For the Public

What is a Psychologist? What kind of services do they provide?

How do I find a psychologist?

Many insurance companies will have different benefits for mental health services as opposed to medical services.  If you wish to locate a psychologist, first check with your insurance plan to see if you have to go to one within their network.  Be sure to ask about your mental health benefits in terms of whether there is a network of providers and whether you need authorization to see someone. 

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Who is a psychologist?

A psychologist is a licensed mental health professional who specializes in the diagnosis and treatment of mental and emotional disorders. They provide specialized testing to identify personality and cognitive abilities, often at the request of other mental health professionals. Psychologists use their expertise in human theory and behavior to provide group and individual counseling, and psychotherapy for the purpose of cognitive retraining, management of behavior or the development of coping skills. However, psychologists generally cannot prescribe medications. Psychologists frequently function as part of a treatment team that can include physicians, nurses, social workers, and other professionals. They have received a doctoral degree (Ph.D., Ed.D. or Psy.D.), but must attend continuing education programs to maintain licensure.

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What kind of training do psychologists receive?

In Indiana, psychologists are licensed after they have received their doctoral degree from an accredited institution.  As part of their degree, psychologists have a one-year internship in which they are supervised as they provide services.  After obtaining their degree, psychologists must pass a national professional exam in psychology as well as an exam regarding Indiana laws for the practice of psychology.  In addition, a newly licensed psychologist must have an additional year (1800 hours ) of supervised work.  After this year, the psychologist applies for an endorsement in their license that is called a “Health Service Provider in Psychology” or HSPP.  Only HSPP psychologists can practice independently without supervision in Indiana.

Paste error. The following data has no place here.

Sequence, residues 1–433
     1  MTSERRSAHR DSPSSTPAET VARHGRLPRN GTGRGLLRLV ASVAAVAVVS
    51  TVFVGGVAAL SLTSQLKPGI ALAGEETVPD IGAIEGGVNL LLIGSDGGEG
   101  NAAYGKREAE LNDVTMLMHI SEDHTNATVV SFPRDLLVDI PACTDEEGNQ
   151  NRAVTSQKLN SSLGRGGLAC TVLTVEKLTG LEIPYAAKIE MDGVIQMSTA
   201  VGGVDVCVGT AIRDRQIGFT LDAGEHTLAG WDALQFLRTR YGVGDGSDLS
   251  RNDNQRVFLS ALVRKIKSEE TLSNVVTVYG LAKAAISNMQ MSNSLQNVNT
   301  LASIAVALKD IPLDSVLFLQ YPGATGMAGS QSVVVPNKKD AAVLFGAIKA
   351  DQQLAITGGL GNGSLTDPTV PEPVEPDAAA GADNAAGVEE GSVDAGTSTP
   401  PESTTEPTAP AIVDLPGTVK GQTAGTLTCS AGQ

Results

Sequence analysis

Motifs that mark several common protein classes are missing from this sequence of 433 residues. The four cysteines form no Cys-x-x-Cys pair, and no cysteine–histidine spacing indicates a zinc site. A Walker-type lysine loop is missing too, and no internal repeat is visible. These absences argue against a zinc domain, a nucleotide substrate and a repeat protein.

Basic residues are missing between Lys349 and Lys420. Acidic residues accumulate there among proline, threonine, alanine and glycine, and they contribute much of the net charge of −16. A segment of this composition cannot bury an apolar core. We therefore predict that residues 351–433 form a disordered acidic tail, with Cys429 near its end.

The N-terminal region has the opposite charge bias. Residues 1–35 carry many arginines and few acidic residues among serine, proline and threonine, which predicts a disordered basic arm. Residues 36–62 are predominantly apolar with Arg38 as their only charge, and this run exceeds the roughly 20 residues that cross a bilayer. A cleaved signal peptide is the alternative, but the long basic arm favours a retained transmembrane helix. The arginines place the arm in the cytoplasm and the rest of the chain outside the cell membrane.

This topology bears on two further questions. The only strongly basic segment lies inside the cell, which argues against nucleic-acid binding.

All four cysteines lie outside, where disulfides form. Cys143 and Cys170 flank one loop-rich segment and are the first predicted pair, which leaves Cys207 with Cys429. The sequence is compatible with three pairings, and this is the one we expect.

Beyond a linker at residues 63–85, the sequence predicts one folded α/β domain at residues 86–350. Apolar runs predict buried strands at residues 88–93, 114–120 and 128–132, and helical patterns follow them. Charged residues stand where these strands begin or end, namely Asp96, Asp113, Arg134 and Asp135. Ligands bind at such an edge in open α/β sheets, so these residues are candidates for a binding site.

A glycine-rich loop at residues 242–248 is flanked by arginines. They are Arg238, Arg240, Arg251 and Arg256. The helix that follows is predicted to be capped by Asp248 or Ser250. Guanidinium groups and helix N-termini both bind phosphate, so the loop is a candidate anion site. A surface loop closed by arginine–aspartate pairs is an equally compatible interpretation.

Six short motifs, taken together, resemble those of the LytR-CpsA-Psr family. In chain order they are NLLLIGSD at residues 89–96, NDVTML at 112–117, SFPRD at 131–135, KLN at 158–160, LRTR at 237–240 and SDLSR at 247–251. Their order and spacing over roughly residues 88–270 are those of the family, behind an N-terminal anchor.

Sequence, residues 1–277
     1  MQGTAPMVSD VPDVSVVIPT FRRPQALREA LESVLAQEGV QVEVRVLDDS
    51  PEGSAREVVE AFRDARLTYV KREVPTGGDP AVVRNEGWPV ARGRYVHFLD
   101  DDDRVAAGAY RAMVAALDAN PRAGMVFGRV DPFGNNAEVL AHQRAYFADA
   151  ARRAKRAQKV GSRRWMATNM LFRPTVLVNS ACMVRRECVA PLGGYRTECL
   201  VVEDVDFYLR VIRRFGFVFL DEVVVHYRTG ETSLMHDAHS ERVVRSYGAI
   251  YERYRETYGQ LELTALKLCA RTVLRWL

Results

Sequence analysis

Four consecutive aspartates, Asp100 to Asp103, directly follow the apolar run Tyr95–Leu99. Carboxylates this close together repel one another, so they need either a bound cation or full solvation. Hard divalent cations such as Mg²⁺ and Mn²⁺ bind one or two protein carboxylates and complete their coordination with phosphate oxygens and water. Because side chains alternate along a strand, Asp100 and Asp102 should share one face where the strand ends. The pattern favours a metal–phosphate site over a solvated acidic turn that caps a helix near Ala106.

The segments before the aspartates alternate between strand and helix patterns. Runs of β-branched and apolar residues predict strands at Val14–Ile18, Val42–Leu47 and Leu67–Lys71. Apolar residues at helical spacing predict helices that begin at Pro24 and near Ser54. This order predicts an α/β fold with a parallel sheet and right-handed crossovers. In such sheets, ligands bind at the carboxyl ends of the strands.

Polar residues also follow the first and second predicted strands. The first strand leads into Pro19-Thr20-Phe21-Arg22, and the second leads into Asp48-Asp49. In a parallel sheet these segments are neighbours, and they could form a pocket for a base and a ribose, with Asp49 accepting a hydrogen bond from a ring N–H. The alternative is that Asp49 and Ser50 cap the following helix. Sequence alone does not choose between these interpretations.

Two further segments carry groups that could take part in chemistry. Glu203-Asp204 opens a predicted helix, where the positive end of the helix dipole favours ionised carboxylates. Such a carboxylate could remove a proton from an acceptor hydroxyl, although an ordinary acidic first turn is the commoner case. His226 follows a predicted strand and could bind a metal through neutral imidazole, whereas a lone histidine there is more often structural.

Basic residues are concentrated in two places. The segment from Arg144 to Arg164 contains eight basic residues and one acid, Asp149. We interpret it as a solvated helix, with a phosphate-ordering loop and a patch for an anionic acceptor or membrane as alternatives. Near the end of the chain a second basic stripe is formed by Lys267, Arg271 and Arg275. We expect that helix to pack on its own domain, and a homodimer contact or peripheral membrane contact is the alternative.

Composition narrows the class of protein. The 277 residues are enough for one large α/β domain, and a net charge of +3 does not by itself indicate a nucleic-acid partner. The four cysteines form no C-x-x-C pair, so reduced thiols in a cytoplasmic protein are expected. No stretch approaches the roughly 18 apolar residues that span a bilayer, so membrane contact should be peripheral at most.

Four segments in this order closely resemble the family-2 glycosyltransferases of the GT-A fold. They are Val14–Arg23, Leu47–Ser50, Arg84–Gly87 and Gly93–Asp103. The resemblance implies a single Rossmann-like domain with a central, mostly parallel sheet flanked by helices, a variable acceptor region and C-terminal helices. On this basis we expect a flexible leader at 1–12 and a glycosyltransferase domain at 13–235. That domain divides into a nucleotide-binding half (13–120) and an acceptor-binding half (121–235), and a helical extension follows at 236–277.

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What is the difference between a Ph.D., an Ed.D., and a Psy.D.?

These degrees indicate some differences in training, but are essentially the same in terms of practice. A person who has a Ph.D. actually has a Doctoral Degree of Philosophy in Psychology (usually clinical or counseling). A person with an Ed.D. possesses a Doctorate Of Education Degree and training has been directed towards educational practice and the application of theory and research. A person who has a Psy.D. has a Doctoral Degree in Psychology and training has been directed toward the provision of psychological services. The different types of degrees reflect a difference in the philosophy of training with Ph.D. programs emphasizing a greater research orientation than Ed.D. and Psy.D. programs. Each of these programs prepare individuals to be practicing psychologists.

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What type of services do psychologists provide?

In Indiana, psychologists are licensed to provide the following services:

  1. Construction, administration, and interpretation of tests of intellectual and cognitive abilities, aptitudes, skills, interests, attitudes, personality characteristics, perception, emotion, motivation, and opinion.
  2. Diagnosis and treatment of mental and behavioral disorders by a health service provider in psychology.
  3. Educational and vocational planning and guidance.
  4. Personnel selection and management.
  5. Arrangement of effective work and learning situations.
  6. Resolution of interpersonal and social conflicts.

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Are all therapists the same? 

Psychotherapy is a treatment service that can be provided by different mental health professionals.  Most psychotherapies are administered by either a clinical psychologist, a counseling psychologist, a licensed clinical social worker, a psychiatric nurse, a mental health counselor, a marriage and family therapist, or a psychiatrist.  As can be seen, there are quite a few professionals that fall under the category of “therapists”.  Each of them assists with emotional and behavioral problems, but they are different in terms of the type of training and approach to the problem.  The following table illustrates some of these differences:

Professional Category



Educational Approach


Ph.D., Ed.D., or Psy.D.

Graduate training 4 years, plus 1 year internship and 1 year post-degree supervision

Study of science related to the brain and behavior

Licensed clinical social worker

Masters of Social Work

Graduate training 2 years, plus 2 years post-degree supervision

Study of human development and social welfare

Licensed mental health counselor

Masters degree

In mental health related field, such as addictions, psychology, or social work

Graduate training of 2 years plus 2 years post-degree supervision

Study related to the primary area of the degree

Marriage and family therapist

Masters degree in marriage and family therapy

Graduate training of 2 years plus 2 years post-degree supervision

Study of theories of human relationships and family systems

Pastoral counselors

Masters degree in divinity

Graduate training of 2 years plus 2 years post-degree supervision

Study of religious thought and spirituality

Clinical nurse specialist

Master’s degree in psychiatric nursing

Graduate training of 2 years

Study of nursing and mental health


Medical degree

Graduate medical training of 4 years plus 4 years residency

Study of medicine and human biology; pharmacology

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